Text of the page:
When raised with cracked foundations of chaos, it’s easy for us to understand how as adults we feed off drama. Up is down and right is left. We know better, but it doesn’t stop us from running with the proverbial scissors that cut up personal happiness and responsibility, leaving a trail of regret.
For so many of us, chaos is fuel. It’s our oxygen when the poor choices we make ignite anxiety within the walls of fear. We cannot breathe until the risk of losing our breath is born from our own doing. Anything else is boring.
Although each slice is hidden deep inside our psyche, emotional cutting – hurting ourselves to feel – is just as damaging as the physical act itself.*
“Self-harm is a way of expressing and dealing with deep distress and emotional pain. As counterintuitive as it may sound to those on the outside, hurting yourself makes you feel better – Cutting and Self-Harm (www.helpguide.org)
Life is not a straight line for any of us. For adult children of dysfunction, it’s a barbed wire maze of self-sabotage that draws blood with every turn. And the puncture wounds make us feel alive.
It’s hard to understand unless you’re in it. Even more difficult to rationalize when we’re the ones orchestrating our own pain. It’s cool when our loved ones support us, but we know they don’t really get why we continue to be the architect of our own demise. Neither do we.
So how do we turn off the auto-pilot road to self-destruction? For starters, it’s a good idea to get real. I’m not talking about saying the words people want to hear. This is about digging deep. Shred the years of layered bullshit you’ve been telling yourself and speak from deep inside your truth. It’s not fun; it can actually be scary. But everything boils down to the ugly truth: we cannot make it through the painful maze without actually going through it. Feel the pain. Weep. Wail. Then scream into the air (or a pillow, so your neighbors don’t call the cops). Just get it the fuck out.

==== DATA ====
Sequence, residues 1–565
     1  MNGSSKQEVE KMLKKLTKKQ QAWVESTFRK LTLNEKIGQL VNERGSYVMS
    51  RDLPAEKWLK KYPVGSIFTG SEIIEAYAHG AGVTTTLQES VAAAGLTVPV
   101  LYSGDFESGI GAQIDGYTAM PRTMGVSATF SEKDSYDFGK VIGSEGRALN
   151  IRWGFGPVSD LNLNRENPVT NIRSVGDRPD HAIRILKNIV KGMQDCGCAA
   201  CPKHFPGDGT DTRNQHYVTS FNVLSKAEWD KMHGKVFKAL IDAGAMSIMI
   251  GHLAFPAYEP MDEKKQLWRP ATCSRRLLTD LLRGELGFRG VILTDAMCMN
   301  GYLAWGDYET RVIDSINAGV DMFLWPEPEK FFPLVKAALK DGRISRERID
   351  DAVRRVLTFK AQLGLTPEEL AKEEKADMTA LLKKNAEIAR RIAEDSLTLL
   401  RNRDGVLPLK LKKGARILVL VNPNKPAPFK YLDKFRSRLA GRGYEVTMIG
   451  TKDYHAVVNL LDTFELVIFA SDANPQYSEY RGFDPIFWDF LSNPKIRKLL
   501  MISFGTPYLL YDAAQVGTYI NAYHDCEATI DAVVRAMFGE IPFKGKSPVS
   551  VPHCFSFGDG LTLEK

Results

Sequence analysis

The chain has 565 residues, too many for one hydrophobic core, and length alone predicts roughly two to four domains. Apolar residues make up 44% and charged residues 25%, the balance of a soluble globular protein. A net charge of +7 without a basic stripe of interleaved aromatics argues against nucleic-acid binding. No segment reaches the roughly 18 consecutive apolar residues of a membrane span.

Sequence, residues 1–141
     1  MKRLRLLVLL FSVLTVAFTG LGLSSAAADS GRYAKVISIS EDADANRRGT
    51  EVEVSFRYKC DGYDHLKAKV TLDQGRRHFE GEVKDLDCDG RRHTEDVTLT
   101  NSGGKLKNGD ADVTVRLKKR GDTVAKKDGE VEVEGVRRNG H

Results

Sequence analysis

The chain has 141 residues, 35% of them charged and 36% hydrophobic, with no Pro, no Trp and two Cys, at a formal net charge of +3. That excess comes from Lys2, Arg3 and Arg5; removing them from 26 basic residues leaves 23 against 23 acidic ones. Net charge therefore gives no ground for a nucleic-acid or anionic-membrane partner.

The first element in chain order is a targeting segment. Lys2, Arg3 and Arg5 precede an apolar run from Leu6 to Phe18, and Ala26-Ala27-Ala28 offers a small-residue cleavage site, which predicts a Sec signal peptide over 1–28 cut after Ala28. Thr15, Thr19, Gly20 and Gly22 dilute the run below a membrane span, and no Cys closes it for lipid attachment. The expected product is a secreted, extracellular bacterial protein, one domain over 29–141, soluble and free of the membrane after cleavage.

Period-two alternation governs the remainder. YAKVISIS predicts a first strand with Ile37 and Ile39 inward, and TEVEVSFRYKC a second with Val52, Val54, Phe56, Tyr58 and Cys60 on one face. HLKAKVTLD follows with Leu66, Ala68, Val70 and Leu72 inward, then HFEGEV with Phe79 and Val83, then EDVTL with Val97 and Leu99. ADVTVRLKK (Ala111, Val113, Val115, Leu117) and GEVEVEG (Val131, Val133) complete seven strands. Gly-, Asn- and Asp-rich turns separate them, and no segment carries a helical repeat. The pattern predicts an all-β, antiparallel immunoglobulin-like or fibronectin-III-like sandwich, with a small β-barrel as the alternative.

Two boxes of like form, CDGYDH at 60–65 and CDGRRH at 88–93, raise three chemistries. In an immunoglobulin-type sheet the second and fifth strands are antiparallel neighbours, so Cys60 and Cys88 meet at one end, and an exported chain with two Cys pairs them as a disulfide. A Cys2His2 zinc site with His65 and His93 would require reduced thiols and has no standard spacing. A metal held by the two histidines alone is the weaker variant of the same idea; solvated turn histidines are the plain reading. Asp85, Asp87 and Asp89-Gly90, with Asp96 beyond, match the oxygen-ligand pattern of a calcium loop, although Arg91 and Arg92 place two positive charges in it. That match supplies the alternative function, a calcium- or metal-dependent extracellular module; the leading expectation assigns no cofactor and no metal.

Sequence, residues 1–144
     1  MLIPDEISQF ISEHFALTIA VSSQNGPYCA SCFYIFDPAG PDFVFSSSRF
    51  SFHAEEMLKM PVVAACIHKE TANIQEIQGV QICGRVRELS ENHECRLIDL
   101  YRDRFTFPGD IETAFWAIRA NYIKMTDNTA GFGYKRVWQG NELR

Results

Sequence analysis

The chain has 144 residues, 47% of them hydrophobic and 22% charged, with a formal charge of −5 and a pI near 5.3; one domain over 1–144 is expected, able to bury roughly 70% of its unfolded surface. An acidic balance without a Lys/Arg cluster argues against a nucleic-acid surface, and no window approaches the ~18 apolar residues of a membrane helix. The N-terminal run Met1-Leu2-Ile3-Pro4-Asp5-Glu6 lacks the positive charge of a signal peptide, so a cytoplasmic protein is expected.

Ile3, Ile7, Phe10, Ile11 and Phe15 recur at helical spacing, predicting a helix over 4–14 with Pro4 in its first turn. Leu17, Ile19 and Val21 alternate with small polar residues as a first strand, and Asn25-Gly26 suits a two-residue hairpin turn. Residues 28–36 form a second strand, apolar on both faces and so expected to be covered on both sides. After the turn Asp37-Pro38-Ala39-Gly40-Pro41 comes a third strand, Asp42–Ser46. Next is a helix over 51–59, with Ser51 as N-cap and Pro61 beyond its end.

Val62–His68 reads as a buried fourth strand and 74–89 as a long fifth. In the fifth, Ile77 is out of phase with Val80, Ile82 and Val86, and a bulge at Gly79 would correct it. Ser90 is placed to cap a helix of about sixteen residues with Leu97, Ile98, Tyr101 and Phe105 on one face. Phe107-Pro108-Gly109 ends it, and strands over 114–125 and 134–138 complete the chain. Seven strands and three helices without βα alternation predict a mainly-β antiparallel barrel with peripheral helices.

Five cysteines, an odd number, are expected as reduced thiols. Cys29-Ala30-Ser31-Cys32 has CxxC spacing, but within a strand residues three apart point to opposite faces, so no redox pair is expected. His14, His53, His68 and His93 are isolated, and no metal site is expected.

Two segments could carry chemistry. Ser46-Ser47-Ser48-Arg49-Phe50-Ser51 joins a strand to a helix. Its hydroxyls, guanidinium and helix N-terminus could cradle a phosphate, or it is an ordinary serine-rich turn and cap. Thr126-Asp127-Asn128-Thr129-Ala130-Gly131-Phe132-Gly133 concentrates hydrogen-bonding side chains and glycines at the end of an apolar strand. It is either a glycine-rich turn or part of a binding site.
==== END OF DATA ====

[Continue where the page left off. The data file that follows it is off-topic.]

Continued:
Since I can remember I’ve been living some version of the truth, which is a colorful way of saying lie. What began as floating in a sea of self-medication [insert your vice here], quickly morphed into believing the bullshit I was telling myself.
I can handle it.
They are the ones with the problem.
I know what I’m doing.
I don’t need anyone.
I’m not lonely.
Living a lie is exhausting. Yet so many of us do it because we’re afraid of facing the shit that caused us to take comfort in our bullshit in the first place.
One of my best friends jokes about how we’re so much alike – and should be wrapped in caution tape. And I’m not kidding when I say ‘I’m such a work in progress I should wear orange cones for earrings‘. Humor is nothing if not effective when it comes to getting real.
But get real, we must. Whether it’s telling a friend, teacher, boss, relative or therapist – we need to share our truth.
The healing begins when we stop pretending.
The first person you need to share your dark truth with is the most important person in your world – you. You’re no good to anyone if you’re no good to yourself. It’s time to stop buying your lies, and start getting real. We are worth it. If you don’t believe this, it’s because believing we have no value is the biggest lie of all. Take back your truth. It all starts with the decision to try.
*I am not an expert in mental health. This blog is a platform to express my own opinions and beliefs based on personal experience. If you or anyone you know is suffering, please reach out to a professional and seek help. You are worth it – even if you don’t feel it right now.